Wodehouse fans, take heart. After a widely applauded but all too brief engagement last season, Edward Duke has reopened at the Roundabout Haft Theater on West 27th Street in his own adaptation, ''Jeeves Takes Charge.'' The irresistibly funny entertainment stars Mr. Duke as the ineffable Bertie Wooster and the indispensable Reginald Jeeves. The actor also addresses his talents to a covey of other Wodehouse loose nuts, including Biscuit Biskerton, Tubby Bridgenorth, and Looney Coote.
Mr. Duke arrived on the scene a generation after the members of the Drones Club had seen their finest hours. But he comes honorably by his affinity for these amiable idiots. Young Duke was initiated into Bertie's world at the age of 7 when his father began reading him the Wodehouse stories. As he once told a British interviewer, ''I was absolutely hooked.''
So hooked that years later, when he was considering material with which to showcase himself, the rising young British actor returned to these heroes of his boyhood. The showcase led to performances in a hall over a London (Putney) pub which led to the Lyric (Hammersmith), which led to London's West End and an award as Most Promising New Actor, from the Society of West End Theatres. The show has been televised by the BBC, played privately for the Queen Mother, and traveled to various parts of the world.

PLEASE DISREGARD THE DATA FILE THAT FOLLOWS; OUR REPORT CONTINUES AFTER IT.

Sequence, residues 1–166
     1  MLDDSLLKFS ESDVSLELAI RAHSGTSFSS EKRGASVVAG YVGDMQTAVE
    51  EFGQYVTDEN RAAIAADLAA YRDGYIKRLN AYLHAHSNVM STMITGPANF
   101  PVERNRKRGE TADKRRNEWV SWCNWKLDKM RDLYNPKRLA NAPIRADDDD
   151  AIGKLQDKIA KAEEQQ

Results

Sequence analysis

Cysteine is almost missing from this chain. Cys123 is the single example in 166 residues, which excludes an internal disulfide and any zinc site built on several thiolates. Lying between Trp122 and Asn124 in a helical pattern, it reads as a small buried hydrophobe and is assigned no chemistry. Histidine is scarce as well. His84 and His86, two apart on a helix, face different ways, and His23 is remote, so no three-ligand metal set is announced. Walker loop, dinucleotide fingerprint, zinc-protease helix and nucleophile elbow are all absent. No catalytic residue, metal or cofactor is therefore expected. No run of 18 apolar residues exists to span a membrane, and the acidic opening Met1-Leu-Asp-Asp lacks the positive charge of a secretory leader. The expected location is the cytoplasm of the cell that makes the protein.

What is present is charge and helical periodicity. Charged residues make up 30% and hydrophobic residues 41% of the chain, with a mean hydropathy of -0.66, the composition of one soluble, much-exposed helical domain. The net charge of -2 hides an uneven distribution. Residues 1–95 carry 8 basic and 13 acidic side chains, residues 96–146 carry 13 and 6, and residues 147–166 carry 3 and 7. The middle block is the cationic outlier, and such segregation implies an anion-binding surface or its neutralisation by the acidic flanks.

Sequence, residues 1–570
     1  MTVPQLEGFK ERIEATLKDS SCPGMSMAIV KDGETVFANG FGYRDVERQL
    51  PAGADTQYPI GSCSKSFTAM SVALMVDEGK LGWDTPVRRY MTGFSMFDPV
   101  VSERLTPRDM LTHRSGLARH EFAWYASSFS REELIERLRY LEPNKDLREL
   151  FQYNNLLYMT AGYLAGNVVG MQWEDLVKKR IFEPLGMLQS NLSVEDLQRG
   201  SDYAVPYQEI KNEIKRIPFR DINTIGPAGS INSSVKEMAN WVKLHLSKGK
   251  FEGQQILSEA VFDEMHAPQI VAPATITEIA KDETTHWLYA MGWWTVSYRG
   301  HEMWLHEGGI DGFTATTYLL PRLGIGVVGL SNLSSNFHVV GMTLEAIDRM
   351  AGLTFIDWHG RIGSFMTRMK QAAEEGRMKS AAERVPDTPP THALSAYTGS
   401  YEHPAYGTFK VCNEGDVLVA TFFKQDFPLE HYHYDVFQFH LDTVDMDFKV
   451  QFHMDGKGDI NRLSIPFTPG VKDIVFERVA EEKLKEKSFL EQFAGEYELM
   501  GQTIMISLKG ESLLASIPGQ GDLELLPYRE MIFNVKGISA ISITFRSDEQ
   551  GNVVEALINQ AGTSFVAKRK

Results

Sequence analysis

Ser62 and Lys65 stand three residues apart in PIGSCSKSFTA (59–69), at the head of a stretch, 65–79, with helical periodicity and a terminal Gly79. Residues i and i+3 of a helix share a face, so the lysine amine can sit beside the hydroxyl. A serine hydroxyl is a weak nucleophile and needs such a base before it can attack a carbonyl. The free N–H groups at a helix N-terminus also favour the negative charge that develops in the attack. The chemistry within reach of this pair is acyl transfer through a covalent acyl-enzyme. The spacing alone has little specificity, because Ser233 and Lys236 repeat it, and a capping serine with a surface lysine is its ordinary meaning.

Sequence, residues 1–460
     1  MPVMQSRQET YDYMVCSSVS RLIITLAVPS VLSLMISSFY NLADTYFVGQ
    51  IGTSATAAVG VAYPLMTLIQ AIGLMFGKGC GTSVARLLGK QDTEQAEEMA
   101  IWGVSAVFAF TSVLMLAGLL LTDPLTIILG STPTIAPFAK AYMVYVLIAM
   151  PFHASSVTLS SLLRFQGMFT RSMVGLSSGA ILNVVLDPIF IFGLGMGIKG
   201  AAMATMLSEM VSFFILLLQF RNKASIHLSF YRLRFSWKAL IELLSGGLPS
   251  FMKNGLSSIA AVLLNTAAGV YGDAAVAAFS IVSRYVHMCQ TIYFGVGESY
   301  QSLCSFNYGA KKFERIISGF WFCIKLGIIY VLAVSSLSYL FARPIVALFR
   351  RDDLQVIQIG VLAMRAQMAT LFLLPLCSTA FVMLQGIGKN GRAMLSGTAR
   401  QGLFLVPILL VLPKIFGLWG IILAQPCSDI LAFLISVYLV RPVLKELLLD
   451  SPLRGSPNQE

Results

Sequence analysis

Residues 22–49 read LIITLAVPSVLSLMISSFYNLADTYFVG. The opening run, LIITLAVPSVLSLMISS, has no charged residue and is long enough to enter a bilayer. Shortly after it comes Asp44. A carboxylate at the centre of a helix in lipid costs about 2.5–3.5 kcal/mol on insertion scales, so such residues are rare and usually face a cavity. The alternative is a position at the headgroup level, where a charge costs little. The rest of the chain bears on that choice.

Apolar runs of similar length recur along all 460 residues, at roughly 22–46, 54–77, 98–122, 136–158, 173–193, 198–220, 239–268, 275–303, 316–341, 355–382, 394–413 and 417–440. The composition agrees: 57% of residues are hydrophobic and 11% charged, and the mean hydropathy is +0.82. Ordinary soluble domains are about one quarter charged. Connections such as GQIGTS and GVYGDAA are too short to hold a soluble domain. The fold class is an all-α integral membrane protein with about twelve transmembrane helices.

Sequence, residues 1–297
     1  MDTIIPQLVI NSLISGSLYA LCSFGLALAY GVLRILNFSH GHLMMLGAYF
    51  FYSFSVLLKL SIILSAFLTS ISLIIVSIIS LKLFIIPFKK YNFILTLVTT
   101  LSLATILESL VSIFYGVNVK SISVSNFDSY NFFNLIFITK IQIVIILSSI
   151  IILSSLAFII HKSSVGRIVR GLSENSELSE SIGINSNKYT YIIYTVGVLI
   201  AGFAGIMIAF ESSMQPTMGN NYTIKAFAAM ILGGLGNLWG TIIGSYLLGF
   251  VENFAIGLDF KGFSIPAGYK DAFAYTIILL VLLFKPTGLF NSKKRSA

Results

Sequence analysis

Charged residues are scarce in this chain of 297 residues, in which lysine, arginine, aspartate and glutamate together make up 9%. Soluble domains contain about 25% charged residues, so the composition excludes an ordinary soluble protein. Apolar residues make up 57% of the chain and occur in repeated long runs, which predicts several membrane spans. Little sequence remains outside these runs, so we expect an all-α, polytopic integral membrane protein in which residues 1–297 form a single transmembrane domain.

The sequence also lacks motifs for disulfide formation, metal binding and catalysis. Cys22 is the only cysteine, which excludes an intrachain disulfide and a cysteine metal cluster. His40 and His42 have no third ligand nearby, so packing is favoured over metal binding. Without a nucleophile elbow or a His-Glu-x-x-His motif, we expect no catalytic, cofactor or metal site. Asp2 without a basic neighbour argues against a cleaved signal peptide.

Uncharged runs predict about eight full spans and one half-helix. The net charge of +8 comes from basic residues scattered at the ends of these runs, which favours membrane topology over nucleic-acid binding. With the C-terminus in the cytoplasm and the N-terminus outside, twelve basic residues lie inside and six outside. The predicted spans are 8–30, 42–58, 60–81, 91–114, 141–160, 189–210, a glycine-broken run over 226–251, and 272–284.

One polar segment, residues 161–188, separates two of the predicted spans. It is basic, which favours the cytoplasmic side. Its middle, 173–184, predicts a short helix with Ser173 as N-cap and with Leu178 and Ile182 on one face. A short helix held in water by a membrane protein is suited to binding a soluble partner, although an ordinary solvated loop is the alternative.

The two years of research, writing, and preparation that went into ''Jeeves Takes Charge'' have paid off handsomely in the performance. In his two principal characterizations, as well as in his deucedly clever cameos of odd bodies, ranging from a newt-lover to a couple of mastodon aunts, Mr. Duke catches the antic, airy ambiance of the 1920s and '30s as fantasized and satirized by Wodehouse. Mr. Duke gives the impression that he can jump into Bertie's skin at the drop of a monocle. And his Jeeves is the very model of a gentleman's gentleman.
Carry on, Jeeves. Carry on, Wooster. Carry on, Duke!